• Bryant, Nick (Autumn 2006). "Black Man Who Was Crazy Enough to Apply to Ole Miss". The Journal of Blacks in Higher Education (53): 60–71. 
  • Doyle, William (2001). An American Insurrection: The Battle of Oxford, Mississippi, 1962. New York: Doubleday. ISBN 0-385-49969-8. 
  • Goudsouzian, Aram (2014). Down to the Crossroads: Civil Rights, Black Power, and the Meredith March Against Fear. New York: Farrar, Straus, and Giroux.
  • Schlesinger, Jr., Arthur (2002) [1978]. Robert Kennedy and His Times. New York: First Mariner Books. ISBN 0-618-21928-5.  This book is readily available.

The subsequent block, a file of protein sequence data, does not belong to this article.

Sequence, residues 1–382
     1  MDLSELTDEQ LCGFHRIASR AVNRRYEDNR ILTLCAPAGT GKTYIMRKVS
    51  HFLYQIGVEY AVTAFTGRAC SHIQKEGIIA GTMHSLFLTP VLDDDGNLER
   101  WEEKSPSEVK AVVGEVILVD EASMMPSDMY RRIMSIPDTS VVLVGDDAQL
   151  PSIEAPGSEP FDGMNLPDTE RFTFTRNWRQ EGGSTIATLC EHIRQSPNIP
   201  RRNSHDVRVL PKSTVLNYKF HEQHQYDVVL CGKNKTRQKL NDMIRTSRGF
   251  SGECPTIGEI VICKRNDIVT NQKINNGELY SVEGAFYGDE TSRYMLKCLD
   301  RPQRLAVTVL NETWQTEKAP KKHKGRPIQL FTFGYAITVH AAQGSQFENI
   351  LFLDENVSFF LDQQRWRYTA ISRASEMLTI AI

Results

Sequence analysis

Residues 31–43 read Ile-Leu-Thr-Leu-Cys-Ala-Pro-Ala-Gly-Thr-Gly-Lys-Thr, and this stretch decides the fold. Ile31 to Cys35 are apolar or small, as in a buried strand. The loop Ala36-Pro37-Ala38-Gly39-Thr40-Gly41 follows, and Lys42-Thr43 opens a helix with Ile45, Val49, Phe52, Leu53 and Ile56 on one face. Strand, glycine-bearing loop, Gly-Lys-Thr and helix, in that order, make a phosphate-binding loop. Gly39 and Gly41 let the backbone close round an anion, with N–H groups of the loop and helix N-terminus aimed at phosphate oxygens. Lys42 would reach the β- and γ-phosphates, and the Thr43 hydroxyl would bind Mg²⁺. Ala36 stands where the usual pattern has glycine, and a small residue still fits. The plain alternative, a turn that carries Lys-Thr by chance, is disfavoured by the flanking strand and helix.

• Stanton, Mary (2003). Freedom Walk: Mississippi or Bust. Jackson, MS: University Press of Mississippi. ISBN 1-57806-505-4. 
  • Hendrickson, Paul (2003). Sons of Mississippi. New York: Alfred A. Knopf. ISBN 0-375-40461-9.  Contains revealing interviews with Meredith conducted by the author.
  • Eagles, Charles W. (2009). The Price of Defiance: James Meredith and the Integration of Ole Miss. Chapel Hill, NC: University of North Carolina Press. ISBN 0-8078-3273-1. 
  • Lyon, Harold C (1974). It's Me & I'm Here! New York: Delacorte
  • McGee, Meredith Coleman. James Meredith: Warrior and the America That Created Him. ABC-CLIO, 2013.

External links